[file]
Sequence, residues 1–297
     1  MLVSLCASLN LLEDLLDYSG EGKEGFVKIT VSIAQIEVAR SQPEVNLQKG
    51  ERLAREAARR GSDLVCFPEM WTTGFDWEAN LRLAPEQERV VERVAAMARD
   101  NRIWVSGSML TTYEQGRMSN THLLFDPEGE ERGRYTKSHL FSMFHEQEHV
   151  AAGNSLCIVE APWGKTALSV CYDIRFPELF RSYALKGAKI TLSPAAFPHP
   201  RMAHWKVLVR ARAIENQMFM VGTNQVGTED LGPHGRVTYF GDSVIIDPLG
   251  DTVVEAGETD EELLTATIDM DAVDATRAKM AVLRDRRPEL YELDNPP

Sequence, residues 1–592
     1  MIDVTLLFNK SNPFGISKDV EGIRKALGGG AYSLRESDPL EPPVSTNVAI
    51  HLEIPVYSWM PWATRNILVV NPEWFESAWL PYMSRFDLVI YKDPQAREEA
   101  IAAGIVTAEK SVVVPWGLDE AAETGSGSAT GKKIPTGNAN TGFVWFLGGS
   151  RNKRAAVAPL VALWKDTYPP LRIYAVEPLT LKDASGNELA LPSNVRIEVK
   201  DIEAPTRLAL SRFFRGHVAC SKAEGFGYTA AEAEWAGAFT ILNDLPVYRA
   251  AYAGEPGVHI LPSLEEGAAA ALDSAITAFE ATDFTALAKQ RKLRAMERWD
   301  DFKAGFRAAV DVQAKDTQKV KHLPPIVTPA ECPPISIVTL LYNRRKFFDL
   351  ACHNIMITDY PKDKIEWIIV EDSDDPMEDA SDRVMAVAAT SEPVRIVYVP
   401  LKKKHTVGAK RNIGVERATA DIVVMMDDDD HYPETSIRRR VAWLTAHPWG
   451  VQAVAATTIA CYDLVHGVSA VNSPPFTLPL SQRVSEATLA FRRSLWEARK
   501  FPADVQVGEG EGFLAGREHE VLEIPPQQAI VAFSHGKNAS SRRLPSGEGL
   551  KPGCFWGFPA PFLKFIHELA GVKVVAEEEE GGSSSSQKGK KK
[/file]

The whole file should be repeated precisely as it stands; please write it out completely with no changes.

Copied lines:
Sequence, residues 1–297
     1  MLVSLCASLN LLEDLLDYSG EGKEGFVKIT VSIAQIEVAR SQPEVNLQKG
    51  ERLAREAARR GSDLVCFPEM WTTGFDWEAN LRLAPEQERV VERVAAMARD
   101  NRIWVSGSML TTYEQGRMSN THLLFDPEGE ERGRYTKSHL FSMFHEQEHV
   151  AAGNSLCIVE APWGKTALSV CYDIRFPELF RSYALKGAKI TLSPAAFPHP
   201  RMAHWKVLVR ARAIENQMFM VGTNQVGTED LGPHGRVTYF GDSVIIDPLG
   251  DTVVEAGETD EELLTATIDM DAVDATRAKM AVLRDRRPEL YELDNPP

Sequence, residues 1–592
     1  MIDVTLLFNK SNPFGISKDV EGIRKALGGG AYSLRESDPL EPPVSTNVAI
    51  HLEIPVYSWM PWATRNILVV NPEWFESAWL PYMSRFDLVI YKDPQAREEA
   101  IAAGIVTAEK SVVVPWGLDE AAETGSGSAT GKKIPTGNAN TGFVWFLGGS
   151  RNKRAAVAPL VALWKDTYPP LRIYAVEPLT LKDASGNELA LPSNVRIEVK
   201  DIEAPTRLAL SRFFRGHVAC SKAEGFGYTA AEAEWAGAFT ILNDLPVYRA
   251  AYAGEPGVHI LPSLEEGAAA ALDSAITAFE ATDFTALAKQ RKLRAMERWD
   301  DFKAGFRAAV DVQAKDTQKV KHLPPIVTPA ECPPISIVTL LYNRRKFFDL
   351  ACHNIMITDY PKDKIEWIIV EDSDDPMEDA SDRVMAVAAT SEPVRIVYVP
   401  LKKKHTVGAK RNIGVERATA DIVVMMDDDD HYPETSIRRR VAWLTAHPWG
   451  VQAVAATTIA CYDLVHGVSA VNSPPFTLPL SQRVSEATLA FRRSLWEARK
   501  FPADVQVGEG EGFLAGREHE VLEIPPQQAI VAFSHGKNAS SRRLPSGEGL
   551  KPGCFWGFPA PFLKFIHELA GVKVVAEEEE GGSSSSQKGK KK